Test-Drive Your New Home

Construction quality suffered during the housing boom; here's how to avoid buying a lemon.
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Editor's note: As a special feature for April, TheStreet.com offers a series of 20 stories on everything you need to know about real estate. Today's installment is Part 8.

Waking up to six-foot-long cracks in your new home's ceilings, walls and floors is a frustrating experience. But construction defects are a fact of life in today's real estate market, and many of these problems stem from shoddy workmanship that was overlooked in the recent U.S. housebuilding boom.

Rod Frye learned this the hard way after he purchased his dream lakeside home in Glendale, Ariz., in 2001. Just four months later, during monsoon season, the large cracks started appearing across the property. The issue, he learned, was expansive soil -- a phenomenon that occurs when houses built on clay end up moving along with the earth, causing cracks in a home's structure. Besides Arizona, the issue is a major problem in California and Texas.

Frye, who is the home's third owner, says he ended up suing the builder, Courtland Homes, because the firm denied it was its responsibility to fix the problem.

"They said we were exacerbating the problem by over-watering. The builder didn't seem like they had any interest in helping us," he says. Frye and other members of the community settled the lawsuit with the builder several years later after a trial jury returned an adverse verdict.

In recent years, "there was a lot more poor-quality work from subcontractors," says Richard Gramlich, an attorney with Carmichael & Powell, the firm that represented Frye. Under Arizona law, there is an implied warranty, where a builder is required to build a good and fit home. The warranty applies to the original purchaser and subsequent purchasers like Frye.

Frye is not alone in his gripes. About 17% of new homes constructed last year had significant construction problems, up from 15% in 2003, according to Criterium Engineers, an engineering consulting firm with 65 offices in 35 states.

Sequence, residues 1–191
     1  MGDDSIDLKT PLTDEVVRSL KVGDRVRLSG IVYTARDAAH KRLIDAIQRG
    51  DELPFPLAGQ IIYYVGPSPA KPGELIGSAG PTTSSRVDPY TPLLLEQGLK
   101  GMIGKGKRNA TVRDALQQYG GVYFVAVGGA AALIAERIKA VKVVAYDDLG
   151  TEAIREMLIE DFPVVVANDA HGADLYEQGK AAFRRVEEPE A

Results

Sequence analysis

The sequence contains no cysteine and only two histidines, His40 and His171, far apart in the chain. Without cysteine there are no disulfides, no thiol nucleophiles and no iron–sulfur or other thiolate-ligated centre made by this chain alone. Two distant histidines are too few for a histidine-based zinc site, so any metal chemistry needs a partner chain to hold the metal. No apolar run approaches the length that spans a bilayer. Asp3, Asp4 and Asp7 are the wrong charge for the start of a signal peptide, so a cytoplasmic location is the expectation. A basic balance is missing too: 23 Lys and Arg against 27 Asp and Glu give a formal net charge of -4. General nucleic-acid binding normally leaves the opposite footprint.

"On the one hand, we're making our buildings, our homes, more complicated than they used to be," says Alan Mooney, the firm's president. "At the same time, we have a decline in the skills of the people in the field putting these things together."

Mooney says water intrusion has been the biggest residential construction problem over the past decade.

Debbie Pool, a Loveland, Co., homeowner, found herself in this situation a year and a half ago when frozen water pipes burst, sending 337,000 gallons of water flooding into her home over a 10-day period. The walls had not been properly insulated. The house was demolished down to the studs to treat the property for mold. Sixteen months later, it is finally near being fully rebuilt.

While the builder,


(LEN) - Get Report

, made and paid for the repairs, Pool says she is still disappointed by the lack of communication and poor customer service. She has been trying for months to get a copy of the mold report from the industrial hygienist that Lennar hired. "Mold is a huge issue. I'm compromised as a seller," she says, explaining that she needs the mold report if she wants to sell her home.

Pool estimates that she has lost about $45,000 from mortgage payments, taxes, insurance, homeowner's fees and lost rental income on the home during this extended reconstruction period.